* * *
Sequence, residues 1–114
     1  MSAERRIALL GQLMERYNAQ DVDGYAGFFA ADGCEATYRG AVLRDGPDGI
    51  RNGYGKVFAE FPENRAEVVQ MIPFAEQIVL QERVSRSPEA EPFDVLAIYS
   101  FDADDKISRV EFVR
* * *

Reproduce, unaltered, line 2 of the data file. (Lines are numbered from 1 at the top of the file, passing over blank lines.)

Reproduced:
     1  MSAERRIALL GQLMERYNAQ DVDGYAGFFA ADGCEATYRG AVLRDGPDGI